Robert Monachelli v. Warden, Sci Graterford and the Attorney General of Thecommonwealth of Pennsylvania and the Districtattorney of Bucks County, Appellants, 884 F.2d 749 (3d Cir. 1989)

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US Court of Appeals for the Third Circuit - 884 F.2d 749 (3d Cir. 1989) Argued June 28, 1989. Decided Sept. 11, 1989

Steven Harris (argued), C. Theodore Fritsch, Jr., Office of Dist. Atty., Doylestown, Pa., for appellants.

Peter Goldberger, Pamela A. Wilk (argued), Philadelphia, Pa., for appellee.

Before MANSMANN, SCIRICA and SEITZ, Circuit Judges.

OPINION OF THE COURT

SEITZ, Circuit Judge.


This is an appeal by the Warden, SCI Graterford, et al. (the "government") from the order of the district court granting the petitioner Robert Monachelli ("petitioner" or "Robert") a writ of habeas corpus. The district court had jurisdiction pursuant to 28 U.S.C. § 2254(a). We have jurisdiction pursuant to 28 U.S.C. §§ 1291 and 2253.

The petitioner and his brother, Vincent Monachelli, were tried jointly and both convicted in the Court of Common Pleas of the Commonwealth of Pennsylvania of first degree murder. 18 Pa.Cons.Stat. Sec. 2502. Specifically, the petitioner was held criminally liable for the intentional killing of Gregory Warmkessel, a deaf mute, with whom he had had a disagreement.1  It is from this conviction and sentence that petitioner sought a writ of habeas corpus from the district court.

The district court granted Robert Monachelli's petition for a writ of habeas corpus. It found that petitioner's murder trial was conducted in such a way as to deny him his sixth amendment right to confrontation. It determined that the state trial court had improperly admitted into evidence, through the testimony of Fred Ludlow, certain statements made by Vincent Monachelli which had a prejudicial impact on Robert Monachelli. The district court further determined that the other evidence introduced against Robert Monachelli was not so "overwhelming" as to render the error harmless.

In deciding this appeal by the government we may only set aside the findings of fact of the district court if they are clearly erroneous. Sullivan v. Cuyler, 723 F.2d 1077, 1082 (3d Cir. 1983). Also, where we are called on to interpret or apply legal precepts our review is plenary. Id.

Before the district court, the petitioner's claim for a writ of habeas corpus was premised on two alternative grounds: (1) the admission of his co-defendant's testimony, through Fred Ludlow, violated his sixth amendment right to confront adverse witnesses; and (2) petitioner's trial counsel was ineffective. As to petitioner's second ground, he claimed that his counsel was ineffective in that (1) he failed to object to the consolidation of the trials of petitioner and his brother; (2) he failed to seek redaction of Fred Ludlow's testimony; and (3) he failed to request a jury instruction on intoxication.2  The government argues that neither of the grounds asserted by petitioner provides a basis upon which to grant petitioner a writ of habeas corpus. The petitioner continues to assert both grounds in seeking an affirmance of the district court's order.3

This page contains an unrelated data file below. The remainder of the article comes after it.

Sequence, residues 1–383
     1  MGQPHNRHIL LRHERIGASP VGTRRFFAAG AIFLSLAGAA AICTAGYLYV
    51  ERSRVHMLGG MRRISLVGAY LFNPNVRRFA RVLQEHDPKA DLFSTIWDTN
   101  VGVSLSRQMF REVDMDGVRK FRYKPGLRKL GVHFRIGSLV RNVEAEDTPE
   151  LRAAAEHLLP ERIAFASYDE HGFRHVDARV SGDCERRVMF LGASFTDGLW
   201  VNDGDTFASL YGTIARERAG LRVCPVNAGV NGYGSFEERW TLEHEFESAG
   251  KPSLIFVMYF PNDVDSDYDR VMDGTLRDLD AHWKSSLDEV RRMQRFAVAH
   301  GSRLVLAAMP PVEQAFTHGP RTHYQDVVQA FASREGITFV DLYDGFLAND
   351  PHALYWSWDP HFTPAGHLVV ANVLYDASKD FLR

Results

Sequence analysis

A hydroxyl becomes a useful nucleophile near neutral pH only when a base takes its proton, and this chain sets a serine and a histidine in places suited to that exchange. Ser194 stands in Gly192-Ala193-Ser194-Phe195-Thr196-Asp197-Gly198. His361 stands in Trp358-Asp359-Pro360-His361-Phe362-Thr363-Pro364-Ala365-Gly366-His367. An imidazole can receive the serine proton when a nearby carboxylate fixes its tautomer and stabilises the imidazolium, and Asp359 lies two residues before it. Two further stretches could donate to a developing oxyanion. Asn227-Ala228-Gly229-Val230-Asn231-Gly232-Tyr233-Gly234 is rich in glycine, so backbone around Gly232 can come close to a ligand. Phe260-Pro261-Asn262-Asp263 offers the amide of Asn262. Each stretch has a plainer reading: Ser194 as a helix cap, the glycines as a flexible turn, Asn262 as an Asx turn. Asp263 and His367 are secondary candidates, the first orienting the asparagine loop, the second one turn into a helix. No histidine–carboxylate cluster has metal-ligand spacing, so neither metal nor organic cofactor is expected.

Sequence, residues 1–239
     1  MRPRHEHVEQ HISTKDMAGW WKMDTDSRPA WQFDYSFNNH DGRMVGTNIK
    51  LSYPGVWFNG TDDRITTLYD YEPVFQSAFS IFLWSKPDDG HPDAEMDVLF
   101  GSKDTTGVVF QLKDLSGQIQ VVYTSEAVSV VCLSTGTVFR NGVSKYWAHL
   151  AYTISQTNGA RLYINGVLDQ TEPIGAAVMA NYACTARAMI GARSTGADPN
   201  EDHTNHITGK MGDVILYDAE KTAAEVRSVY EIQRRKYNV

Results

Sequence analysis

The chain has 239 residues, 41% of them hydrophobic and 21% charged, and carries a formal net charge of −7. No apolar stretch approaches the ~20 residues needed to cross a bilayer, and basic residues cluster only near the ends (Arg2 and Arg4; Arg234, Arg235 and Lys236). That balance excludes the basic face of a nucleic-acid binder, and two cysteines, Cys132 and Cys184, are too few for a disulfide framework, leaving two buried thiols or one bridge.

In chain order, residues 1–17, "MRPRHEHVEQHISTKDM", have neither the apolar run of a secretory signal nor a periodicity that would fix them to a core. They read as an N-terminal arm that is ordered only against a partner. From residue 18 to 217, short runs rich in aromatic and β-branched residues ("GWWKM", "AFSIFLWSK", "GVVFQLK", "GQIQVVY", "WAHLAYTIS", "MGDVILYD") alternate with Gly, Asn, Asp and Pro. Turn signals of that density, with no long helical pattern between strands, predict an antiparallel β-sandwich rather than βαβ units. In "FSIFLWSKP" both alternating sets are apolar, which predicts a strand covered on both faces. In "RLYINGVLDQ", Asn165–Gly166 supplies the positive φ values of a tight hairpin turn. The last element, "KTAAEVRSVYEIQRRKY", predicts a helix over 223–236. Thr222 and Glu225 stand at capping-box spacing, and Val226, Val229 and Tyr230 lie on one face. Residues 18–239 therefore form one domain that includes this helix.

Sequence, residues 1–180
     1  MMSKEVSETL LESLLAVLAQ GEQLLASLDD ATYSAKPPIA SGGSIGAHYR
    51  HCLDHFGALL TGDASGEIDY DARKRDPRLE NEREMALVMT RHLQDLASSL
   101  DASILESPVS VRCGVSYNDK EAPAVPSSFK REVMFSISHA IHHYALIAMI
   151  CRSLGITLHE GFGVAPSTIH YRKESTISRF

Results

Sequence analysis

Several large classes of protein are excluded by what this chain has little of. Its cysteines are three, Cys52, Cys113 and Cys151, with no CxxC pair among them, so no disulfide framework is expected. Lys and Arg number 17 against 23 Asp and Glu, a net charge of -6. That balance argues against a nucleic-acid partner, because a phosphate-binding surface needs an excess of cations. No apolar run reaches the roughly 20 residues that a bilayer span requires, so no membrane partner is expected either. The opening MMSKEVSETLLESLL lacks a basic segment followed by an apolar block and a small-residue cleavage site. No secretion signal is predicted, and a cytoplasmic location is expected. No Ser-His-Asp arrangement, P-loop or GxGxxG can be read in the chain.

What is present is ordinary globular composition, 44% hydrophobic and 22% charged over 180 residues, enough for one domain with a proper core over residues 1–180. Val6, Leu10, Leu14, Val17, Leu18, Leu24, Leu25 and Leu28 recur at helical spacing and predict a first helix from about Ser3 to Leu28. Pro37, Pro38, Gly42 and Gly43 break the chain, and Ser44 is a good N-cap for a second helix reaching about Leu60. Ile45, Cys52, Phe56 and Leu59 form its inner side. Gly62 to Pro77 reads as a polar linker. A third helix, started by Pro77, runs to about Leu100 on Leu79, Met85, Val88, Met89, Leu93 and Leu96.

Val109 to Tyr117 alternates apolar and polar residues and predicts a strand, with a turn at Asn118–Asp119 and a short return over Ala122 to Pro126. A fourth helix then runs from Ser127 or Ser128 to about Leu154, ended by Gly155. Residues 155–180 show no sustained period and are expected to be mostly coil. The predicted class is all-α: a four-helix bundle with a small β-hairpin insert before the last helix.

The sixth amendment to the United States Constitution provides in pertinent part: "In all criminal prosecutions, the accused shall enjoy the right ... to be confronted with witnesses against him." This right to confront adverse witnesses is applicable to the States via the fourteenth amendment to the United States Constitution. Pointer v. Texas, 380 U.S. 400, 404, 85 S. Ct. 1065, 1068, 13 L. Ed. 2d 923 (1965). The "right to confront and cross-examine witnesses is primarily a functional right that promotes reliability in criminal trials," Lee v. Illinois, 476 U.S. 530, 106 S. Ct. 2056, 90 L. Ed. 2d 514 (1986), in that it

(1) insures that the witness will give his statements under oath--thus impressing him with the seriousness of the matter and guarding against the lie by the possibility of a penalty for perjury; (2) forces the witness to submit to cross examination, the greatest legal engine ever invented for the discovery of truth; [and] (3) permits the jury that is to decide the defendant's fate to observe the demeanor of the witness in making his statement, thus aiding the jury in assessing his credibility.

Id. 476 U.S. at 540, 106 S. Ct. at 2062 (citation omitted).

At the joint trial of Vincent and Robert Monachelli neither defendant took the witness stand. The Confrontation Clause problem to be addressed in this case is whether certain statements of Vincent Monachelli, made to Fred Ludlow, were improperly admitted through the testimony of Fred Ludlow in violation of the rights of petitioner Robert Monachelli. We will first consider the propriety of admitting the statements.

At the criminal jury trial in the Court of Common Pleas Fred Ludlow testified for the prosecution that in the early morning hours of September 15, 1982 both Robert and Vincent Monachelli visited him at his house. Ludlow further stated that he had a conversation with Vincent Monachelli at that time. After eliciting this testimony, the prosecutor asked Ludlow to detail the substance of Ludlow's conversation with Vincent. Counsel for Robert Monachelli objected. The trial judge overruled the objection but cautioned the jury not to consider what Ludlow was about to say against Robert unless it found that a conspiracy existed between Robert and Vincent. Ludlow then testified that Vincent told him that Vincent and Robert were looking for the person with whom Robert had had a fight in a bar and that Robert was "packing a gun." The record does not reveal Robert's whereabouts at the time of this conversation.